- Aggressive tooth brushing / Hard toothbrush / Wrong way of brushing or flossing. They all can damage the thin gum tissue causing it to break down.
The improper mechanical use of the toothbrush is a key cause for gum recession.
o Increased pressure on the toothbrush or dental floss will only harm gingival tissue without increasing the cleaning action of brushing or flossing.
o The same applies to the use of a hard toothbrush that will make things worse if any other reason co insists.
o Wrong way of brushing such as making large horizontal movements over the teeth is damaging not only the gums but it is also abrading the cementum exposing the dentin and causing sensitive teeth.
- Age can also play a role in receeding gums, especially in women. Damage to the gums caused by improper brushing is progressively accumulated over the years, resulting in receding gum line. Older women after menopause can suffer from osteoporosis. Loss of mass from alveolar bone that is supporting the gums and teeth can cause gingival recession.
Other possible causes of receding gums include:
- Poor oral hygiene. Inadequate brushing or flossing may not directly causing gum recession, but it allows the overgrowth of mouth bacteria and the accumulation of dental plaque, causing gingivitis and potentially periodontitis.
- Mouth trauma or injury could make the gums to recede. Other forms of trauma, such as oral piercing that rub against gum tissue can also cause the gums to recede.
- Occlusion problems / Misaligned or crooked teeth. Receding gums may occur when teeth are crooked or fillings and crowns are placed without properly balancing the bite. If the teeth do not come together properly, excessive forces are placed on certain parts of the teeth and that may cause trauma to the bone and gums.
- Grinding or/and clenching teeth is also putting teeth under excessive pressure, sometimes resulting in gum recession.
Prevention of Gingival Recession
Gum recession is a condition that can be easily prevented by good daily oral hygiene habits.
- Brush your teeth at least twice a day and floss at least once to prevent dental plaque and gum disease.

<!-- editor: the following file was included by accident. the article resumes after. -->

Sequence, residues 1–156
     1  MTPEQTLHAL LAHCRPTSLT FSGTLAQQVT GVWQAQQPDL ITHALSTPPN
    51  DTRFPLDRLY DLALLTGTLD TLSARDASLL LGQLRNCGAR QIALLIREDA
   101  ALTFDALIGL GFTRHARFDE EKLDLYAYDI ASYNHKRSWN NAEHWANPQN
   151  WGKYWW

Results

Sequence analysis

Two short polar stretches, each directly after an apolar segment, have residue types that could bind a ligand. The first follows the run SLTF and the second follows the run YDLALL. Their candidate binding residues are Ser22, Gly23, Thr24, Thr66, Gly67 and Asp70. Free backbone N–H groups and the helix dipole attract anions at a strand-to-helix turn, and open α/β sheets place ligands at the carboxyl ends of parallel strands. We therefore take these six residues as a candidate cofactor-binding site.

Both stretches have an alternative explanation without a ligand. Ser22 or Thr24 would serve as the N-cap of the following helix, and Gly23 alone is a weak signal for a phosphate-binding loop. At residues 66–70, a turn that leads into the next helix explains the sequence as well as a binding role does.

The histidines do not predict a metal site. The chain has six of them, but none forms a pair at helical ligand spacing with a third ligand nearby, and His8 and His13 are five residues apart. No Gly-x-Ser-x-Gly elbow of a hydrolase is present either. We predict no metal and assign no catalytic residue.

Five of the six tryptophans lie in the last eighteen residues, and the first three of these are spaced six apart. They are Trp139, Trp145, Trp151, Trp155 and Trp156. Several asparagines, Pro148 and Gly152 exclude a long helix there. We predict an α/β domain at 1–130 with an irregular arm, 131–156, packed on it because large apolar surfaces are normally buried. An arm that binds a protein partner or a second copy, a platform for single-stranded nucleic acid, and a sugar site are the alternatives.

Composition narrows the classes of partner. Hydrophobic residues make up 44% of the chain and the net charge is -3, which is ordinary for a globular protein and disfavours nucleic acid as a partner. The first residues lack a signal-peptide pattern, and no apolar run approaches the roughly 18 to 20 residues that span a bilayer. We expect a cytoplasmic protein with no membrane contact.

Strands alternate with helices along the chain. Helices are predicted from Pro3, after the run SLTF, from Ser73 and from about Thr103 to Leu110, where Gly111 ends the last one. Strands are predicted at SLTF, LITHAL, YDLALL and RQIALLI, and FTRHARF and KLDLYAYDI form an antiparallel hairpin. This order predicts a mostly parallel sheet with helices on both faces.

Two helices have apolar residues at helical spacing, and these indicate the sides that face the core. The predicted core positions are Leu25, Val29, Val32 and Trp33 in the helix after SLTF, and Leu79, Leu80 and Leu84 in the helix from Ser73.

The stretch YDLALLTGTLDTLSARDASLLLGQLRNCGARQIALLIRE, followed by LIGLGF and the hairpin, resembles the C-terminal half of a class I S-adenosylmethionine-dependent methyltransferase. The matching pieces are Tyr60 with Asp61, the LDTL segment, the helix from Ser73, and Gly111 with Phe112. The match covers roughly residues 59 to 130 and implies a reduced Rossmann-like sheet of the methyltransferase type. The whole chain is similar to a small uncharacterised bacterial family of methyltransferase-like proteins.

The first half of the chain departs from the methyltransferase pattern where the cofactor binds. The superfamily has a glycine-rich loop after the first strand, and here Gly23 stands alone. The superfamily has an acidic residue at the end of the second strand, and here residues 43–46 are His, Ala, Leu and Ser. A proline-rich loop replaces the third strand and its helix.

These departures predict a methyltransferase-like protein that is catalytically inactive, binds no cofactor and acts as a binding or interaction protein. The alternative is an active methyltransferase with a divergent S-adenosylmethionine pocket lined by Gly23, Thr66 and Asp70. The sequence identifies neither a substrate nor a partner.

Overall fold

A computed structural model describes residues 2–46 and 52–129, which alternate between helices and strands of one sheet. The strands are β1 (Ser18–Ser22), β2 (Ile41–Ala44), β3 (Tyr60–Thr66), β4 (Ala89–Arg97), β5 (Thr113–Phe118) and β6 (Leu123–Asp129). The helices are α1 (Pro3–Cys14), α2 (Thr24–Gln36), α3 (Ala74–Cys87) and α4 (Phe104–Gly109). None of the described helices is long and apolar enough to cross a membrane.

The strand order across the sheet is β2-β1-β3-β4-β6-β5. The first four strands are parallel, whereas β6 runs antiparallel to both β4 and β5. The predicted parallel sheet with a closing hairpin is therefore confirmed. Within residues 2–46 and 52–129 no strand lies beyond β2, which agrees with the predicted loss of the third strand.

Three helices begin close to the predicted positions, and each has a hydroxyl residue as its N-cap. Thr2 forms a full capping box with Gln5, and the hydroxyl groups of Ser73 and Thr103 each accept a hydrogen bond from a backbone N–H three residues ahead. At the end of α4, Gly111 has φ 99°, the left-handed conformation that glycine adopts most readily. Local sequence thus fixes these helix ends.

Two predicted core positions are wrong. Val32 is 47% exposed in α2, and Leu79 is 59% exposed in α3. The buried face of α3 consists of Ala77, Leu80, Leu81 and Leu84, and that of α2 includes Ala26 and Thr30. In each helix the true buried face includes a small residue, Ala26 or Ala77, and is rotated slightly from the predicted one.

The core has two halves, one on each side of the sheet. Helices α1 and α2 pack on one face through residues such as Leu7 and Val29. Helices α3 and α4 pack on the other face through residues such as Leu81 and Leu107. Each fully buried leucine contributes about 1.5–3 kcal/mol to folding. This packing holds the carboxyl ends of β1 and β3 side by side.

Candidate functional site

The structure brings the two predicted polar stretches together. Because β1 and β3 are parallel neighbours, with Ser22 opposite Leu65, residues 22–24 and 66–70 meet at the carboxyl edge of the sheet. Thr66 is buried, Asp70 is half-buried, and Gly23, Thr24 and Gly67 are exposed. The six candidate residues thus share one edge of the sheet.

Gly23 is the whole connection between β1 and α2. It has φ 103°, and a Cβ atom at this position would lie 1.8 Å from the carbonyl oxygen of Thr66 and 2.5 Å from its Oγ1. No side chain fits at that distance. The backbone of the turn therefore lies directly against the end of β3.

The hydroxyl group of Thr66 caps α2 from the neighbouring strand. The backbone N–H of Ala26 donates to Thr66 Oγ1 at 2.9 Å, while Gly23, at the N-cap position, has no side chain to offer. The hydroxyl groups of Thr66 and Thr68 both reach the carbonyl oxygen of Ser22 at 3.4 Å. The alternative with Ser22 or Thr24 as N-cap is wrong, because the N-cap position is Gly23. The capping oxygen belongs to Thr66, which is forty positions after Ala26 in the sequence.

- Visit your dentist for regular dental cleanings and examination every 6 months.
- Use a good quality soft toothbrush with small head and rounded bristles. Do not put excessive pressure on the toothbrush when brushing.
- A pressure-sensitive toothbrush such as the new Oral-B Triumph with SmartGuide (that shuts off automatically when too much pressure is applied to the teeth) can also help reduce the risk of gingival recession.
- Ask your dentist to show you the correct way of brushing your teeth. Brushing will help you to stop receding gums only if done properly.
Treatment for Receding Gums
The first step of the treatment for receding gums involves the elimination of the underlying causes of the problem.
- Practicing good oral hygiene is usually enough in the majority of cases, either caused of improper toothbrushing or by gum disease, to provide natural cure for receding gums.
If oral hygiene can not reverse receding gums, further treatment may be needed. Depending on the severity and the causes of receding gums, treatment can be surgical or non-surgical.
Depending on the kind of the appropriate treatment for receding gums, it may be performed by a dentist, an oral and maxillofacial surgeon, an orthodontist or a periodontist.
non-surgical treatments for gum recession
- Desensitizing toothpastes. There are several toothpastes against tooth sensitivity, with agents such as sodium chloride or potassium salts that block the creation or transmission of the pain sensation.
- Desensitizing agents. Fluoride gels, resins and other desensitizing agents can be applied by the dentist directly to the exposed areas of the teeth and roots, providing immediate sensitivity pain relief.
- Resin-bonded restorations or other types of fillings can be placed over the worn areas along the necks of the teeth.
- Tooth scaling and Root planing. Professional deep cleaning of the tooth surfaces below the gum line may be required to treat gum disease and stop the gum recession.
- Correction of malocclusion and treatment of tooth grinding and clenching.
Surgical treatment for receding gums
Severe cases of receeding gums require surgical treatment to be performed, usually by a periodontist, who is a specialist in treatment of the gum diseases.
- Soft tissue graft is a procedure also known as gum graft surgery that covers the exposed root surface.
If the gums are badly damaged, the only treatment option to restore receded gums is the use of a soft tissue graft from another part of the mouth.
The piece of gum tissue that will be used as graft can be taken from around an adjacent tooth or from the palate of the mouth. The soft tissue graft is then sutured to the damaged area around the roots.
Soft tissue graft is a gum tissue regeneration procedure that replaces the lost or receded gum tissue, covers the sensitive roots and protects the patient from further gums recession.